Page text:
Belize has a rich natural geography, from rain forests, karst fields and mangrove swamps of tropical beaches.
Consequently, the country is willing to promote ecotourism and there are a number of protected areas, including marine reserves and national parks. 12 miles southeast of Belmopan, the Blue Hole National Park pays tribute to the curious Blue Hole, a well of water that fell, 7.6 m (25 ft) deep, intense color. The park is a natural forest reserve that is home to a large number of birds, animals, flora and St. Herman’s Cave, an ancient Mayan cave Five Blues Lake National Park is located at the foot of the Mountains Maya and covers over 1,619 hectares (4,000 acres) of tropical forest. The lake of the same name is a cave system that collapsed, or cenote, known as Blue Hole, and featured in a variety of aqua tones. There is an incredible wealth of wildlife and fauna that you can see here. At the junction with the Cayo District of the Hummingbird and Western highways, it is found the Guanacaste National Park, taking its name from the giant Guanacaste trees at the edge of the reservation. With over a hundred species of birds and trails there is signs with information on trees and plants within the forest, the park is very popular as an introduction to the various means of Belize.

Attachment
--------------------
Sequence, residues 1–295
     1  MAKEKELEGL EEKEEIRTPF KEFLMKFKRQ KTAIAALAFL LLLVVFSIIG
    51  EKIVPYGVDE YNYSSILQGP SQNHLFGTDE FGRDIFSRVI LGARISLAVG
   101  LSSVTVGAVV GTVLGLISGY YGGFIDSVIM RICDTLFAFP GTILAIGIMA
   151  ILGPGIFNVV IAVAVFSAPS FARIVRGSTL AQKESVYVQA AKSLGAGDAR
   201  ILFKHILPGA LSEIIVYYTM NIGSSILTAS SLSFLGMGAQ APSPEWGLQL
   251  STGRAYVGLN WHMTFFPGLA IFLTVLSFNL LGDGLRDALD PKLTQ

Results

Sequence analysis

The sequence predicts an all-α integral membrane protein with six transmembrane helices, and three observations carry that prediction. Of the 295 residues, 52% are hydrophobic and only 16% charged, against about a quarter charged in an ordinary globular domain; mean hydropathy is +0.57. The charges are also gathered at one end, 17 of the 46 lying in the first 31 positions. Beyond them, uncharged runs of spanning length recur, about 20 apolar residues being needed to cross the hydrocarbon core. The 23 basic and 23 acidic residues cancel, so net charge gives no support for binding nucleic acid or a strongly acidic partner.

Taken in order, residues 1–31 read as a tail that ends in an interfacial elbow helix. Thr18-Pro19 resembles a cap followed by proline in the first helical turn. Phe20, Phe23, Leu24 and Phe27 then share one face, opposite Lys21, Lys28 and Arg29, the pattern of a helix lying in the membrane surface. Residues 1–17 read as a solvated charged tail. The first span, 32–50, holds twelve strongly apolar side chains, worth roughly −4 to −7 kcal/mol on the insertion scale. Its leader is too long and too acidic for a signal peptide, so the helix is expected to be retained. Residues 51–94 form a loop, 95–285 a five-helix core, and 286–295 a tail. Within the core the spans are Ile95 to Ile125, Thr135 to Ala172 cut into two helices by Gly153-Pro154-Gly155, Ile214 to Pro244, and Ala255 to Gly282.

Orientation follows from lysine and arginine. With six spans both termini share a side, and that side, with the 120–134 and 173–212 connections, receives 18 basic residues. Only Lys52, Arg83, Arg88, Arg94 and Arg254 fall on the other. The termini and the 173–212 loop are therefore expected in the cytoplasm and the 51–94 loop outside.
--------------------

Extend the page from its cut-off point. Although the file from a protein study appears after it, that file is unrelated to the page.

Laughing Bird Caye National Park is an atoll platform, ideal for diving, but it is also the habitat of rare gulls laughing. The Cay is located 21km (13 miles) southeast of the village of Placencia in the Stann Creek District.
Rio Grande Park contains 81,745 hectares (202,000 acres) of preserved forests and streams, providing a home to a rich variety of birds and endangered species, including jaguars, pumas, Black howler monkeys, ocelots, turkeys and deer. More than 40 Mayan ruins have been discovered here. The conservation park is located near the Orange Walk district of Belize.